Cerebral Cortex Evolution and the ASPM Gene

Abstract

The cerebral cortex has diversified in many organisms despite having a similar basic plan. Neural cell division at one level and scaling laws at another level can explain interspecies differences in cerebral cortex sizes. Cerebral cortex components are also shaped by adaptive evolution, particularly by ecological and social factors. The genetic basis for brain development has only recently been probed. Guided initially by clinical studies of patients with reduced brain sizes (microcephaly), the gene ASPM has been identified as an important candidate involved in cerebral cortex development. Multiple lines of evidence from evolutionary genetics and functional studies have now implicated the gene in cerebral cortex size evolution across diverse organisms. Given the complexities associated with such a large organ, other genes and their expression patterns as well as noncoding DNA may also play a role in cerebral cortex evolution.

Key concepts:

  • Higher organisms such as mammals and birds show diversity in cerebral cortex size and organization.

  • This diversity is explained partly by neural cell division and scaling laws that constrain the expansion of the cerebral cortex as a function of body size and development.

  • Differences in cerebral cortex organization are also explained by adaptive evolution of animals in their unique niches.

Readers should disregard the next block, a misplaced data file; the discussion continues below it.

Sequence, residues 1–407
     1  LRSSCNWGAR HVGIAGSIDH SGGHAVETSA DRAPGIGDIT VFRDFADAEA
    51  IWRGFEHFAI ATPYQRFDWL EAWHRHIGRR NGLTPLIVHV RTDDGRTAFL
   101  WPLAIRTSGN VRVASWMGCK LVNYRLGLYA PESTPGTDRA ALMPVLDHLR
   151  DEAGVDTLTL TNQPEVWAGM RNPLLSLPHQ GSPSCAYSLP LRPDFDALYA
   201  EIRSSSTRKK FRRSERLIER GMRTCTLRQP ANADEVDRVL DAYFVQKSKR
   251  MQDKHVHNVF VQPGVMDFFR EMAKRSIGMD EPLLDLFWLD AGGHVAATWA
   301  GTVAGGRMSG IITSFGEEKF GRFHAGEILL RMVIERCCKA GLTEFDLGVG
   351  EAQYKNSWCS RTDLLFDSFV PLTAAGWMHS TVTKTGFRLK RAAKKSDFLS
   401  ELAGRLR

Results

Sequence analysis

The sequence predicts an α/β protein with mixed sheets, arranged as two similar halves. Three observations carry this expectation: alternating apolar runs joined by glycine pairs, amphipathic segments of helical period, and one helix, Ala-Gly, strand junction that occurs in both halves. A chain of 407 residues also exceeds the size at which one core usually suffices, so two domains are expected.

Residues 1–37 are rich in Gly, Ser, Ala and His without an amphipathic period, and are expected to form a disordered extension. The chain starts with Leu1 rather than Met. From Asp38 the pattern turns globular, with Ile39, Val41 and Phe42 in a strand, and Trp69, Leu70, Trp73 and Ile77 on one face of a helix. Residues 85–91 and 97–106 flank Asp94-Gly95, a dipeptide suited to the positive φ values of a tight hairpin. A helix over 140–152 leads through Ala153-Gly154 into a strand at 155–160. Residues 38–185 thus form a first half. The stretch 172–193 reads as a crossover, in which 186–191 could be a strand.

• Mutations in the gene ASPM cause primary microcephaly or reduced brain size in humans.

  • The gene ASPM controls cortical neurogenesis through cell cycle functions in the brain.

  • There is evidence of accelerated evolution of ASPM in humans and other nonhuman primates with enlarged cerebral cortex sizes.

  • In addition to ASPM, other genes particularly those underlying cellular energetics and regulation of gene expression may be involved in cerebral cortex evolution.

  • The numerous single‐gene, genomic scan and expression studies have its limitations in explaining cerebral cortex evolution.

Keywords: cerebral cortex; ASPM; abnormal spindle‐like; microcephaly associated; microcephaly; molecular evolution

Figure 1.

Diversity in primate neocortex volume (mm3) plotted as a function of body mass (kilograms). Most primates have very small neocortex volumes with humans having the largest neocortex in the primate order. Plotted based on data from Stephan et al..

Figure 2.

The protein structure of ASPM made up of 3 functional domains. * indicates the known mutations that cause primary microcephaly in humans.

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Cox J, Jackson AP, Bond J and Woods CG (2006) What primary microcephaly can tell us about brain growth. Trends in Molecular Medicine 12: 358–366.

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Ali, Farhan(Sep 2009) Cerebral Cortex Evolution and the ASPM Gene. In: eLS. John Wiley & Sons Ltd, Chichester. http://www.els.net [doi: 10.1002/9780470015902.a0021765]